Review and road test of the Mercedes-AMG G 63
The Mercedes G-Wagen is at its most astonishing in 585hp G 63 V8 petrol form. Jonathan Crouch drives it.
Ten Second Review of the Mercedes-AMG G 63
You know the real thing when you see it and, when it comes to supremely capable large SUVs, this is the real thing, the Mercedes G-Class. In this second generation guise, virtually everything has changed: the body, the suspension, the steering, the engines - all of it's new. So is the 4.0-litre V8 engine in this top G 63 version. As a car, it's unnecessary, it's politically incorrect and it's addictive.
On the face of it, putting a 585hp engine into a luxury SUV shaped like a portakabin sounds a bad idea. No, scrub that. It sounds an absolutely certifiable notion. But Mercedes has done it anyway, reasoning correctly that oligarchs and squillionaires will find the idea of a Gelandewagen powered by the 4.0-litre twin turbo V8 from the AMG GT supercar almost impossible to resist.
Perhaps though, the whole point of enormous wealth is indulging your inner fantasies and the way the handbuilt V8 in this exclusive SUV explodes under heavy acceleration in a frantic volley of noise all the way to the point where it crashes against the 7,000rpm rev limiter is certainly addictive. Giving this car the kind of charm it would need to offer if your other SUVIP choices included a Lamborghini Urus or a twelve cylinder Bentley Bentayga.
The old AMG-fettled G-Class model had a 5.5-litre V8, but this new generation design's lighter, torquier unit puts out 85hp more and clouts the G 63 to 62mph in just 4.5s and onto an electronically limited top speed of 137mph - or 149mph if you're crazy enough to pay Mercedes £2,000 to de-restrict it, in which case you really have got more money than sense. You'll get to enjoy the engine much more once you get the hang of all the different drive systems. As part of the G-Wagen re-design, Mercedes has added in its 'DYNAMIC SELECT' set-up which in its top 'Sport+' setting, ramps up the throaty note of the AMG sports exhaust.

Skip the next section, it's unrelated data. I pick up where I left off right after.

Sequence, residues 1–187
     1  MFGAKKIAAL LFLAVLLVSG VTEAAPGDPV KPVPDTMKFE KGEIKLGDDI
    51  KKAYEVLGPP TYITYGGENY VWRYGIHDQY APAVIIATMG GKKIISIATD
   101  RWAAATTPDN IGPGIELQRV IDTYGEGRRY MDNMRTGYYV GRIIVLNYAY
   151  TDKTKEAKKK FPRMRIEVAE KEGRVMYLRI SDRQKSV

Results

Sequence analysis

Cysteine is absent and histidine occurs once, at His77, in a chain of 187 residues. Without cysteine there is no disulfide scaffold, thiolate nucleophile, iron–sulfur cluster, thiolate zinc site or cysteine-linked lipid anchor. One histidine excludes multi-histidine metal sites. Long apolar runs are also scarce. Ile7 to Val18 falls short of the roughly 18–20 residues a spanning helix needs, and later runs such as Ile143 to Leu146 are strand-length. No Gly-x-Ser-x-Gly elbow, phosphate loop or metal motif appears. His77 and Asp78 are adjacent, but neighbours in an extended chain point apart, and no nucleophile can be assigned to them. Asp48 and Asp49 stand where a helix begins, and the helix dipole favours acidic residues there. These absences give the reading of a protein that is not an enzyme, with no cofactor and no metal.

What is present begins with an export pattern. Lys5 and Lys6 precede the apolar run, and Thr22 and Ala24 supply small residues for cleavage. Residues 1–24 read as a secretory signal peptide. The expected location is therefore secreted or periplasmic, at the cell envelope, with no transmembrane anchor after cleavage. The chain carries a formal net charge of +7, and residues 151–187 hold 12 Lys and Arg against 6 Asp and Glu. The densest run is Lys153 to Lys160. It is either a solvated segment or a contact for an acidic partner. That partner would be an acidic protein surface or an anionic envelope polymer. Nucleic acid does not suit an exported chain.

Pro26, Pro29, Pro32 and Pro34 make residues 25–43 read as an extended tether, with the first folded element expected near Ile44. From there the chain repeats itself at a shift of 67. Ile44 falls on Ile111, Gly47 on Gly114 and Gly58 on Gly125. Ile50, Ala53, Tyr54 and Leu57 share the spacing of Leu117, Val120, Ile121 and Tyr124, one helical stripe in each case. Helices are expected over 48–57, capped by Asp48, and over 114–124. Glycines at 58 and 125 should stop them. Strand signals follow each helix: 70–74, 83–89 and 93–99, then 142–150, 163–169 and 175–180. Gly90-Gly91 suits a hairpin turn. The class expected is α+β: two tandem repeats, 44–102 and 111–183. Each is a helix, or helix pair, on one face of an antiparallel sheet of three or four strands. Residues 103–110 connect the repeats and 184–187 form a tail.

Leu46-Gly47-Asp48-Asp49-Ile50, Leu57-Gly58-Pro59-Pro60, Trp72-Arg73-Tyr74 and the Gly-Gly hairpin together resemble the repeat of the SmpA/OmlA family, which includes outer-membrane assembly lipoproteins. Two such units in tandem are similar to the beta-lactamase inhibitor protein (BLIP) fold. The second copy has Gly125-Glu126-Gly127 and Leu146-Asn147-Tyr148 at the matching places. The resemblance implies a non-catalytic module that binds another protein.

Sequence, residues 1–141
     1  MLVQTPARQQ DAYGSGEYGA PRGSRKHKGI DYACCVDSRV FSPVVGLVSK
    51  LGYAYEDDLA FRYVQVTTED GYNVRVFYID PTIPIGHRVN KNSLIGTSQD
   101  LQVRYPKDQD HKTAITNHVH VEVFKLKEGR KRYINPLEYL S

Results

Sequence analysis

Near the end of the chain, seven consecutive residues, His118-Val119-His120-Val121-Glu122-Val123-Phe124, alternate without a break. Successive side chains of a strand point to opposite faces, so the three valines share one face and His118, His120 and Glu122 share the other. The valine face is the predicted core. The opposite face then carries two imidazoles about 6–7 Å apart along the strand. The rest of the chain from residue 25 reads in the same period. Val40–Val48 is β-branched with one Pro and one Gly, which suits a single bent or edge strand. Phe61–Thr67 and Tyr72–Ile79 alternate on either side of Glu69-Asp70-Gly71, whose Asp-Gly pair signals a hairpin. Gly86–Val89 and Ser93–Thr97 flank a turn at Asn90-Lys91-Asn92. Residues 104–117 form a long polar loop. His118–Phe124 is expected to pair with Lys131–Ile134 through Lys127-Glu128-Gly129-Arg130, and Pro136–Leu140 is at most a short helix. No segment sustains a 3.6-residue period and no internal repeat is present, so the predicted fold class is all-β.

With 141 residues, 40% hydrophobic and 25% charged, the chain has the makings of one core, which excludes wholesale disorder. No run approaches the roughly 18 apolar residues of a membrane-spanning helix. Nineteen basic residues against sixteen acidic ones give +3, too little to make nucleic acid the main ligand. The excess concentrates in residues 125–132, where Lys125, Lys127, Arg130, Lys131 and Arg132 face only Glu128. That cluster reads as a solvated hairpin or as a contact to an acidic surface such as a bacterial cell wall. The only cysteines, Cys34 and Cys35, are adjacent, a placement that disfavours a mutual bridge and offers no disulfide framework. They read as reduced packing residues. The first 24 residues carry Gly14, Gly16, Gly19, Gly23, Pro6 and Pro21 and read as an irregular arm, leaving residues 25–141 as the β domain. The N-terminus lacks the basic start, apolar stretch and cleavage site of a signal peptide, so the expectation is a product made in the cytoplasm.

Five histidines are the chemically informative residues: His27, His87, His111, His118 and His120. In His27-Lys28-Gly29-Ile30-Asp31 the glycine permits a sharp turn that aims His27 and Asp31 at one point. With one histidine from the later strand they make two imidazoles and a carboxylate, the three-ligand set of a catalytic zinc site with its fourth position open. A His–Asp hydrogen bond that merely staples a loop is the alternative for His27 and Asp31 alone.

There are also the usual 'Sport', 'Comfort' and 'Individual' options, plus an extra 'Slippery' mode for rainy days and icy mornings. All the choices you can make here affect throttle response, steering feel, stability settings and the shift timings of the new 9G-TRONIC auto gearbox that all G models now get and which features in a G 63 in more sharply-focused SPEEDSHIFT form. 'DYNAMIC SELECT' can alter suspension feel too because another thing this new-era model can now offer is adaptive damping, a standard feature for a Mercedes-AMG customers and a virtually must-have option elsewhere in the range.
Design and Build
You might be tempted to think that the styling of this G-Class hasn't changed much, but of course it has. The military-style upright flat windscreen for instance, embellished by a signature from Gottlieb Daimler in its bottom right hand corner, is this time raked by a further degree. And the round headlights gain full LED beams or, as in the case of this G 63 model, 'MULTIBEAM' LED technology that adapts them to the road and other traffic. The grille has been subtly re-designed too, featuring vertical slats with this G 63 petrol variant. A Gelandewagen without a tailgate-mounted spare wheel would look wrong - this G-Class remains the only large super-luxury SUV to retain one - but there's no reason why this appendage should obscure rear vision quite so much, so the rear window has been widened around it.
Inside, this modern model features the widescreen cockpit display we've previously seen in all of Mercedes more conventional large models, with a 12.3-inch central COMAND infotainment screen bonded seamlessly to a digital instrument display of the same size. A more characteristic G-Wagen feature is the huge great old fashioned dash-mounted grab handle. Rear seat space has dramatically improved and there's a 667-litre boot.